The Green River Festival tried something new this year — on Friday night of the festival, they hosted the Next Wave Stage that presented local bands like Kalliope Jones and Court Etiquette, bands with members under the age of 18. The festival also offered free admission to festival-goers age 18 and under on this night. This year also saw the return of a pre-Green River Festival kickoff concert at the Energy Park. Signature Sounds used to present these shows, but once they took over full operation of the festival, they were unable to present this additional event. Fortunately, the local group Progress Partnership stepped in and presented a successful show with local bands Colorway, Trailer Park and the Fawns. Hopefully, they will continue next year.

The past year also brought with it plenty of excellent recordings from our local musicians. I didn’t put together a top ten list, but some of my favorites were Mark Mulcahy’s “Possum in the Driveway,” an album that was nine years in the making and found the singer-songwriter trying out some new sounds. Henning Ohlenbusch has been making music on the local scene for many years, but his latest “Sneaking up on the Moon,” recorded with his band, Gentle Hen, is an excellent collection of pop-rock tunes that may be his best work yet. Then, there was newcomer Abbie Morin, who records under the moniker Hammydown. Her debut collection of garage pop called “Pizzaface” was a pure delight.

This year of political unrest wasn’t ignored by the music community. There were many area shows that were benefits for groups like the ACLU, while a couple of singles including “Tyrants Always Fall” by the Nields and Abe Loomis’s “Refugees are Welcome Here” put a hopeful spin on current issues.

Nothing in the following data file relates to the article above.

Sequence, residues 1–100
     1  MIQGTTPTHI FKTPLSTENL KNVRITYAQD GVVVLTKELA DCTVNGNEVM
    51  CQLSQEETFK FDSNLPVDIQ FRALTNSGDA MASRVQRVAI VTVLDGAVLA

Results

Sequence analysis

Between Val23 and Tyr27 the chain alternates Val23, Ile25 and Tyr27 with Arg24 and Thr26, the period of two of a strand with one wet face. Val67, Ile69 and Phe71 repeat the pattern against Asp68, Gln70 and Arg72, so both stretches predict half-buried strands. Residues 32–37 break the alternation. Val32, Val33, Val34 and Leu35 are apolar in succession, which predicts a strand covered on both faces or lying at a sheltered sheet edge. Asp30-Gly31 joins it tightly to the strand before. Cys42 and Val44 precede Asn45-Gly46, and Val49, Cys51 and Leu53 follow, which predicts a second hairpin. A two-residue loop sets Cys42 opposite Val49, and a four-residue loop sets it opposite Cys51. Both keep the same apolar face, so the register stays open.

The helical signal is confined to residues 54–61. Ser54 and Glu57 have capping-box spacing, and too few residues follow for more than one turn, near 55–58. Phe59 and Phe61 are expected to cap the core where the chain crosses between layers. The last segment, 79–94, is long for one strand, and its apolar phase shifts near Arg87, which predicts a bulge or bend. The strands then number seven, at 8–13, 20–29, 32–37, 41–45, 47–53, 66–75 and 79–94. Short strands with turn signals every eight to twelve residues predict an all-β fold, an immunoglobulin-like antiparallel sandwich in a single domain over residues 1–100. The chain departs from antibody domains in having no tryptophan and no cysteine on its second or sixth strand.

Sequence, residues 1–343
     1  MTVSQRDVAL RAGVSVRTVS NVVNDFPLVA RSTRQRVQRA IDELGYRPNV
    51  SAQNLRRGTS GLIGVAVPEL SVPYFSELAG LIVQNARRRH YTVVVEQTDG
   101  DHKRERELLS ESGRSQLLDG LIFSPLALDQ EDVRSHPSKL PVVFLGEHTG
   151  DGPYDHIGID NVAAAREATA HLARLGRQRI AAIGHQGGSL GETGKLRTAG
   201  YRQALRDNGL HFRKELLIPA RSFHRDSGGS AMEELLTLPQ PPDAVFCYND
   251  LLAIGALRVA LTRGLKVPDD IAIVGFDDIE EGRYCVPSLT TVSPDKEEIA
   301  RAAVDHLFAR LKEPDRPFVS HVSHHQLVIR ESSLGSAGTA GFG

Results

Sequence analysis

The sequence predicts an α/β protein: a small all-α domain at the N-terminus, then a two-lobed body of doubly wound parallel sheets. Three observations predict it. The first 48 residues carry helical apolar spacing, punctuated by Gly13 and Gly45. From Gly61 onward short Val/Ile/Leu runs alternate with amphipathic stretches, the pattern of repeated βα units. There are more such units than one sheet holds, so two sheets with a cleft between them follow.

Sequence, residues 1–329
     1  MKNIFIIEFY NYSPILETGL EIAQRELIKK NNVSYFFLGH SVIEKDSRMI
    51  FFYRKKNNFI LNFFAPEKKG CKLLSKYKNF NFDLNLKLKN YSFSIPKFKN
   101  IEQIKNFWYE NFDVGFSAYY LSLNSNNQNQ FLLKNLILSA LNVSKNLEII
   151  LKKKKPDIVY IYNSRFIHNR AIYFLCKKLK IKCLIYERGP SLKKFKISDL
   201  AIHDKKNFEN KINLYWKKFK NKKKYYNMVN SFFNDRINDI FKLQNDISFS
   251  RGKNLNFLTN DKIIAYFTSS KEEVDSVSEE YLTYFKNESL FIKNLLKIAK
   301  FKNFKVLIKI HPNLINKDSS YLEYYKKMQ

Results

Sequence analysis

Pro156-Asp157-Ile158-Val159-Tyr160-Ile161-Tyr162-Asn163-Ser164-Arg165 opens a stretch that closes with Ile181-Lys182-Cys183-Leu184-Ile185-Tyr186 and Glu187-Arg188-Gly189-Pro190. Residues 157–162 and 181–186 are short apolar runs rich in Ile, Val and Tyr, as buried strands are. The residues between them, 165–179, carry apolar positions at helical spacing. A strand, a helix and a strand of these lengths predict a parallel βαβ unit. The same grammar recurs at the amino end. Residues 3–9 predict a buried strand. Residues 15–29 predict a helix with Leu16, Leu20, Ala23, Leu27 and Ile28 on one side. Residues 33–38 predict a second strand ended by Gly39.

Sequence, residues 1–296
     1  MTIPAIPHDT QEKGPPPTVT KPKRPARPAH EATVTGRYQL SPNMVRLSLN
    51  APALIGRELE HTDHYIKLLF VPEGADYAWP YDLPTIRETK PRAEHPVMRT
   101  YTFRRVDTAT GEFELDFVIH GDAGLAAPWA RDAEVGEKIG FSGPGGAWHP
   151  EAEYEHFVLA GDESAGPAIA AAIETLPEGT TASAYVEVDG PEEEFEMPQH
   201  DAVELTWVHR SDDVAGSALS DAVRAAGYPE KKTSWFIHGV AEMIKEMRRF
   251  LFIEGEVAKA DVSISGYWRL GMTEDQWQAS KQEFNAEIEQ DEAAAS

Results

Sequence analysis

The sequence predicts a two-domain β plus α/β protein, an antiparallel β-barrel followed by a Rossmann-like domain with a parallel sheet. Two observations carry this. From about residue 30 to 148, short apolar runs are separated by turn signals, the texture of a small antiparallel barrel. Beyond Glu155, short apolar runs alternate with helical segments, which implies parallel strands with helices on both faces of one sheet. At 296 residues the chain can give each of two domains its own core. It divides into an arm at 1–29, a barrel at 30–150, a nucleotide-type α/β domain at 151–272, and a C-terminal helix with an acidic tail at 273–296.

We have to wrap up our discussion here by paying tribute to some of the musicians we lost in 2017. In January, blues great/sound engineer Art Steele was killed in a car accident in Sunderland. Steele was a presence in the area’s music scene for decades.

As was Ras Jahn (John) Bullock, a member of the Alchemistic, Loose Caboose and longtime organizer of the Charlemont Reggae Festival, who passed away in April. In June, J. Scott Brandon, bass player and founding member of the popular band The Drunk Stuntmen, died following a brief illness.

Most recently, in December, we lost Danny “Monster” Cruz of Greenfield, who died of complications from Duchenne Muscular Dystrophy. Cruz was leader of the innovative band Flaming Dragons of Middle Earth. A strong presence in the local music scene, many knew Cruz from the weekly open mic sessions that he held at the Brick House in Turners Falls for 10 years.

All of these musicians will be missed.

Sheryl Hunter is a music writer who lives in Easthampton. Her work has appeared in various regional and national magazines. You can contact her at: soundslocal@yahoo.com